Bookish Matters

The person, be it gentleman or lady, who has not pleasure in a good novel, must be intolerably stupid.

—Jane Austen, Northanger Abbey

Tuesday, December 28, 2010

Eat, Pray, Love: There's Nothing Wrong with Inspiring Middle-Class Wives

It may seem a bit late to talk about Eat, Pray, Love. The book came out five years ago, the movie came out four months ago, and I read it over two months ago. But I was talking about it on the phone with Rhiannon today, and it's still a much-bought book and much-watched movie (I know since I work at a book/movie store).

In this post I'm going to address complaints against the memoir. Some have complained that Elizabeth Gilbert, author of Eat, Pray, Love, is spoiled. That she over-estimated the problems she faced in her life and that she dealt with them in a very bourgeois or even upper-class way. Most people can't pick up and travel the world whenever there's a problem on the home front. Someone called Gilbert a rich woman speaking to discontent middle-class wives.

It is my opinion that everyone is allowed to a personal crisis once in a while. And that if you have the opportunity to do wonderful things--like travel to Italy and India and Indonesia--you shouldn't refuse these opportunities because there are others who don't have these opportunities, who don't have the same privileges. Should I stop eating because there are people in the world starving?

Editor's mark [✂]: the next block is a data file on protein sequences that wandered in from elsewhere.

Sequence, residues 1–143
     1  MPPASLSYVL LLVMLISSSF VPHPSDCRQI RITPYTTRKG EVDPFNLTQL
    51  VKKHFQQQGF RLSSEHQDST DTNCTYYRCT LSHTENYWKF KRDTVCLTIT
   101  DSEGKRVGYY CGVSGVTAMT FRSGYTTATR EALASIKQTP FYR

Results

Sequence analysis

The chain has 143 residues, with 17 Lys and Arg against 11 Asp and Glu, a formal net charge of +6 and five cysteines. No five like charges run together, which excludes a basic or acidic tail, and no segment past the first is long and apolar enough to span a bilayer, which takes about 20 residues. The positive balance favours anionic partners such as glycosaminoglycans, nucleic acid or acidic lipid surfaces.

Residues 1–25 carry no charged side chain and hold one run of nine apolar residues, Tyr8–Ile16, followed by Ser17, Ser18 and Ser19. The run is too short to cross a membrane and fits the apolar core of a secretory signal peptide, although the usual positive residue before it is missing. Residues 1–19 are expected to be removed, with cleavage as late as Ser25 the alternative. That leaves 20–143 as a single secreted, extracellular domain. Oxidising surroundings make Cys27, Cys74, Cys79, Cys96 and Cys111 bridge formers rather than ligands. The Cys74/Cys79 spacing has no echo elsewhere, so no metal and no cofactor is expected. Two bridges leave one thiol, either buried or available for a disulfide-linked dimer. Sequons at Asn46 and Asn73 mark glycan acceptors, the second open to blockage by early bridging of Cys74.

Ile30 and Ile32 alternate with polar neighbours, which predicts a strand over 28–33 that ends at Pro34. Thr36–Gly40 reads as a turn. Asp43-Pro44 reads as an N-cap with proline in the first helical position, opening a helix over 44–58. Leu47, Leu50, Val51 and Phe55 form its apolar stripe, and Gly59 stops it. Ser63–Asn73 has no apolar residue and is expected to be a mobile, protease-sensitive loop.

And Gilbert wasn't necessarily rich. She lost most of her money in the divorce at the beginning of the memoir. And she was able to take a year to travel the world because she's a travel writer. That's her job.

So what's the actual issue with Gilbert? Is it envy? Are the complainers simply angry they didn't or can't do what Gilbert did? It's not Elizabeth Gilbert's fault we don't have publishers paying us to travel. She's just lucky enough to have a job that allowed her to spend a year in self-discovery. (I know at least one of the complainers simply wasn't paying attention when he read the little bit of the book he did; he was making an opinion with misinformation.)

Gilbert is inspiring. What's wrong with inspiring discontent middle-class wives? I find that when people bad-mouth chicklit and the stuff that appeals to middle-class wives, they are really bad-mouthing middle-class wives. So just stop.

I was telling Rhiannon that I want to read more books like Eat, Pray, Love. Not books about women who go to Italy to eat good food, or books about women who meditate, or books about women who fall in love (though I like all those things). I want to read books that make me feel the way Eat, Pray, Love did. Books that make me feel inspired, that make me feel spiritual, that make me feel motivated, that make me feel like there are forces of good working in the world.

If you know of any books like that, do let me know.

1 comment:

  1. "Books that make me feel inspired, that make me feel spiritual, that make me feel motivated, that make me feel like there are forces of good working in the world."

    Hallelujah. Unfortunately, I tend to gravitate toward cynical, tragical, misanthropic books. About murder and stuff. So I'm not sure that I can help you out.